While Android phones are constantly targeted by cybercriminals, the iPhone is considered more secure. Now, leaked documents from one of the world's leading surveillance companies have reaffirmed the idea.
As spotted by the Washington Post, a leaked document from Gamma Group, a secretive seller of surveillance tools, emerged on the Internet last week. Hosted on Netzpolitik, the document (.PDF) reveals interesting information concerning Gamma Groups' extensive range of surveillance tools, but in particular, notes that the iPhone is notoriously difficult to infiltrate -- the only exception being when a user has jailbroken their device.
A particular piece of software is called FinSpy. According to Gamma Groups' FinSpy software specifications hosted by Wikileaks, the spyware can be used to monitor Skype conversations, take screenshots and photos using a device's camera, record microphone use, emails, voice-over-IP and extract files from hard discs. FinSpy can be controlled remotely as soon as the compromised device is connected to the Internet.
According to the latest Gamma Group document leak, while FinSpy has the capabilities to infiltrate Android, Blackberry, and older Microsoft handsets, iPhones are out of reach unless the device's core security protocols have changed through jailbreaking.
Dated April 2014, the document states that the spyware "is designed to help law enforcement and intelligence agencies to remotely monitor mobile phones and tablet devices," and get full access to calls, SMS, MMS, address books and make silent calls to remotely listen to microphones. If a user of FinSpy wishes to infiltrate a phone, the support details are as below:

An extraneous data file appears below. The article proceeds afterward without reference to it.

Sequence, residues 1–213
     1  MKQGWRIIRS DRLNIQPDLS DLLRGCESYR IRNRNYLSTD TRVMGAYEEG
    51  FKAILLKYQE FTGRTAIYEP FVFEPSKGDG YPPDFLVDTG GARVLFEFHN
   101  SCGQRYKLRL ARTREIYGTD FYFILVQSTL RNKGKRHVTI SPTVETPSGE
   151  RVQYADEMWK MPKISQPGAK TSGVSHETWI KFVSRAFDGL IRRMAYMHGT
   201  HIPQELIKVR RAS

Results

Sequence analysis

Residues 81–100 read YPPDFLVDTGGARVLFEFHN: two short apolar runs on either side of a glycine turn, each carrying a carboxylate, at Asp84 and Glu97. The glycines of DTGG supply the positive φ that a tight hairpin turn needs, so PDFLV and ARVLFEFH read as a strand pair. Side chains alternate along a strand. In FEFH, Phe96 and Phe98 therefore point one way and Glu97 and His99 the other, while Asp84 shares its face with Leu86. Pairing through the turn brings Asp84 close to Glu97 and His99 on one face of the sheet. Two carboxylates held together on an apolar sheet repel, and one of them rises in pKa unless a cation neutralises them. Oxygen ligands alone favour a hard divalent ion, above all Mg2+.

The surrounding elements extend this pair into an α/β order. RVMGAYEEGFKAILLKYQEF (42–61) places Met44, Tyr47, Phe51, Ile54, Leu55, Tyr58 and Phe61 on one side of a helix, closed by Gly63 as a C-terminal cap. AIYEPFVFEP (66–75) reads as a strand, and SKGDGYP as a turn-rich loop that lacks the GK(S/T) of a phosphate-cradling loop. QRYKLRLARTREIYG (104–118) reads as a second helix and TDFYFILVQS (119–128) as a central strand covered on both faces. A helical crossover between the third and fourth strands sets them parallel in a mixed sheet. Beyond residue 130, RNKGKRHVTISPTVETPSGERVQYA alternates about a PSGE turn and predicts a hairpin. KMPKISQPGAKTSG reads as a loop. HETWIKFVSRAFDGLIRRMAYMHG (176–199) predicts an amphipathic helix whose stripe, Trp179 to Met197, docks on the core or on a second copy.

An iPhone user can jailbreak their device using a number of free tools, and by doing so, they gain root access which the iOS operating system does not allow by default. Doing so allows for unsigned apps to run and heavy customisation of the OS -- something Android allows as an open-source, free ecosystem -- but if unsigned code is permitted to run, then this provides a channel for tools such as FinSpy to enter.
Last year, researchers from The Citizen Lab said the spyware had been discovered in use by 25 countries, including being linked to the monitoring of dissidents in Bahrain. While developed by Gamma Group in Munich, Germany and sold through a UK subsidiary as a law enforcement tool, it is also believed to be used to target opposition groups and activists by governments worldwide.